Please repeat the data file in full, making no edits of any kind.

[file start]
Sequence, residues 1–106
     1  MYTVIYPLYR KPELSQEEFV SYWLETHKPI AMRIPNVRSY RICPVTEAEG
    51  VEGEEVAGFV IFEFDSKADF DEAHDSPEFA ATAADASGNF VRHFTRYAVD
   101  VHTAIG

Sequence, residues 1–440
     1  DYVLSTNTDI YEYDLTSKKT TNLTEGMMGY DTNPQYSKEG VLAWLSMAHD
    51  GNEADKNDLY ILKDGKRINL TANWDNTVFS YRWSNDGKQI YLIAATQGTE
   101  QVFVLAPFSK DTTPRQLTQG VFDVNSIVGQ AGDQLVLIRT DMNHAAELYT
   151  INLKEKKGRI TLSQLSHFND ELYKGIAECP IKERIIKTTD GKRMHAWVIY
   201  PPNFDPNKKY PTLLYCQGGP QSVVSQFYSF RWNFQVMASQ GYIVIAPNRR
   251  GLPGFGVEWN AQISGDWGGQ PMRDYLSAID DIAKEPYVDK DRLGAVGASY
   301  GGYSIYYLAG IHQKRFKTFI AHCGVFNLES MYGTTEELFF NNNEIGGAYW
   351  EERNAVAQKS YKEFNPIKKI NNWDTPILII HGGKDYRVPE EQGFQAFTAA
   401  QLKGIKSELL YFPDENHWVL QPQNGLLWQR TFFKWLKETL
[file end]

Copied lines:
Sequence, residues 1–106
     1  MYTVIYPLYR KPELSQEEFV SYWLETHKPI AMRIPNVRSY RICPVTEAEG
    51  VEGEEVAGFV IFEFDSKADF DEAHDSPEFA ATAADASGNF VRHFTRYAVD
   101  VHTAIG

Sequence, residues 1–440
     1  DYVLSTNTDI YEYDLTSKKT TNLTEGMMGY DTNPQYSKEG VLAWLSMAHD
    51  GNEADKNDLY ILKDGKRINL TANWDNTVFS YRWSNDGKQI YLIAATQGTE
   101  QVFVLAPFSK DTTPRQLTQG VFDVNSIVGQ AGDQLVLIRT DMNHAAELYT
   151  INLKEKKGRI TLSQLSHFND ELYKGIAECP IKERIIKTTD GKRMHAWVIY
   201  PPNFDPNKKY PTLLYCQGGP QSVVSQFYSF RWNFQVMASQ GYIVIAPNRR
   251  GLPGFGVEWN AQISGDWGGQ PMRDYLSAID DIAKEPYVDK DRLGAVGASY
   301  GGYSIYYLAG IHQKRFKTFI AHCGVFNLES MYGTTEELFF NNNEIGGAYW
   351  EERNAVAQKS YKEFNPIKKI NNWDTPILII HGGKDYRVPE EQGFQAFTAA
   401  QLKGIKSELL YFPDENHWVL QPQNGLLWQR TFFKWLKETL